New Light, Life for Nairobi’s Kibera

New Light, Life for Nairobi’s Kibera

Kenya’s government is bringing some light — and hope — to Kibera, a sprawling slum on the outskirts of Nairobi. Population and area figures differ from source to source, but at least 200,000 people are believed to live there.

Crime is no stranger to Kibera. Carolyn Njoroge recalls a terrifying evening in late 2007, when she became a victim of violence that erupted as a result of national elections. “My next-door neighbor kicked my door in, shouting that he wanted to kill us for us electing the president,” Njoroge told The Telegraph in 2013. “I hid under the bed while people with machetes and other weapons stole everything of value — the chairs, the plates, our clothes. My children spent nearly six hours hiding in a pit latrine as gangs looked for Kikuyus,” members of a prominent Kenyan tribe.

In late 2014, workers began erecting an array of high-powered lights and offering other new amenities and services.

In December, President Uhuru Kenyatta announced the Community and Street Lighting Project during a rally of Kibera residents. Kenyatta said there was no justification for why the area had been denied government services since independence more than 50 years ago. “From independence, this is the first time government has reached Kibera, and we promise that it is here to stay,” he told the crowd of thousands, according to Capital FM.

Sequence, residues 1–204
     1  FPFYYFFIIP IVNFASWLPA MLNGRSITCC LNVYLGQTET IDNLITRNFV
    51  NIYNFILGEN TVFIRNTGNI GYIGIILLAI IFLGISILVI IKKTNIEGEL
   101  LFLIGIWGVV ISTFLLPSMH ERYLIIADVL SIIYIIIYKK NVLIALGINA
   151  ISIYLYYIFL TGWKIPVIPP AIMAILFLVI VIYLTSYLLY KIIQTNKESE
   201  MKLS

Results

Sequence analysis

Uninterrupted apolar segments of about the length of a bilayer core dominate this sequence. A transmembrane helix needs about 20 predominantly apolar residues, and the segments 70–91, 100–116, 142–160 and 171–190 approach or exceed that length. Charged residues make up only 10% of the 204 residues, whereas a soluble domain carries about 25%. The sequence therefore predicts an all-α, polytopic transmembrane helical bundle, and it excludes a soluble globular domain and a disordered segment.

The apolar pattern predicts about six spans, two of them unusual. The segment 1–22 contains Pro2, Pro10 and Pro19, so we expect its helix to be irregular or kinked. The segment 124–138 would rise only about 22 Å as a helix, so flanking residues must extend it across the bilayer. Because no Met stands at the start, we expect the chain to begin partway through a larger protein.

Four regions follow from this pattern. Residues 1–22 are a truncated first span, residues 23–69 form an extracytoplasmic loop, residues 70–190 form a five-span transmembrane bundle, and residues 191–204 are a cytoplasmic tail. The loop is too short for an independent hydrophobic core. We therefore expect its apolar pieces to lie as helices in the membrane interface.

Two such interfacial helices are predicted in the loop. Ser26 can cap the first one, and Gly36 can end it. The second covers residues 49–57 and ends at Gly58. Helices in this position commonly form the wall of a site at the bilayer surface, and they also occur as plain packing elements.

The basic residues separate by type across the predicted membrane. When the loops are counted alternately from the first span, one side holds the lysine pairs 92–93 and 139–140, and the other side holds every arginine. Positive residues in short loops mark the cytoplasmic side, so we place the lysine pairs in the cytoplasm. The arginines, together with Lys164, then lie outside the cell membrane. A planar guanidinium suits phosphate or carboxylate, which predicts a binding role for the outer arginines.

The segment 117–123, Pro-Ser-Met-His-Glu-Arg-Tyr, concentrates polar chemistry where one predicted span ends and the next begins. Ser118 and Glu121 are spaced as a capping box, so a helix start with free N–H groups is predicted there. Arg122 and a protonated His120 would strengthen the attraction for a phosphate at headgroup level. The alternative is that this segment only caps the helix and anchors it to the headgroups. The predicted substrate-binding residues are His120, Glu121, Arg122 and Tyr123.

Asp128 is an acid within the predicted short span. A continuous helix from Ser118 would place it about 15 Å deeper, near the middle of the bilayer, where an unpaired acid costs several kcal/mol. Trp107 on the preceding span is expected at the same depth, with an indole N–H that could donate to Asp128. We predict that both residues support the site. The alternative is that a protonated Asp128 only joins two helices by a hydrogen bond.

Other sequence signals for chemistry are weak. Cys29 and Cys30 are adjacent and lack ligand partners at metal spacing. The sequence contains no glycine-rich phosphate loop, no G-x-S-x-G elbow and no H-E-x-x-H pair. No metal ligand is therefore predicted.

Workers in November 2014 began installing 21 light masts, each 30 meters tall with nine lamps. The nation’s Rural Electrification Authority oversaw the $976,000 project, which was completed by the end of the year.

According to Capital FM, the government is undertaking several projects to benefit Kibera, including:

  • Paving a road to ease transportation.
  • Opening clinics to offer free medicine.
  • Announcing that a youth sports stadium would be built where the rally was held.
  • Planning free WiFi for the area.
  • Having the National Youth Service build toilets and clean up sewer systems.
  • “The majority of Kenyans do not live in Muthaiga [Country Club], they live in slums,” the president said. “This project will be replicated in all the slums so that we change the face of Nairobi.”

“The majority of Kenyans do not live in Muthaiga [Country Club], they live in slums,” the president said. “This project will be replicated in all the slums so that we change the face of Nairobi.”

(0)(0)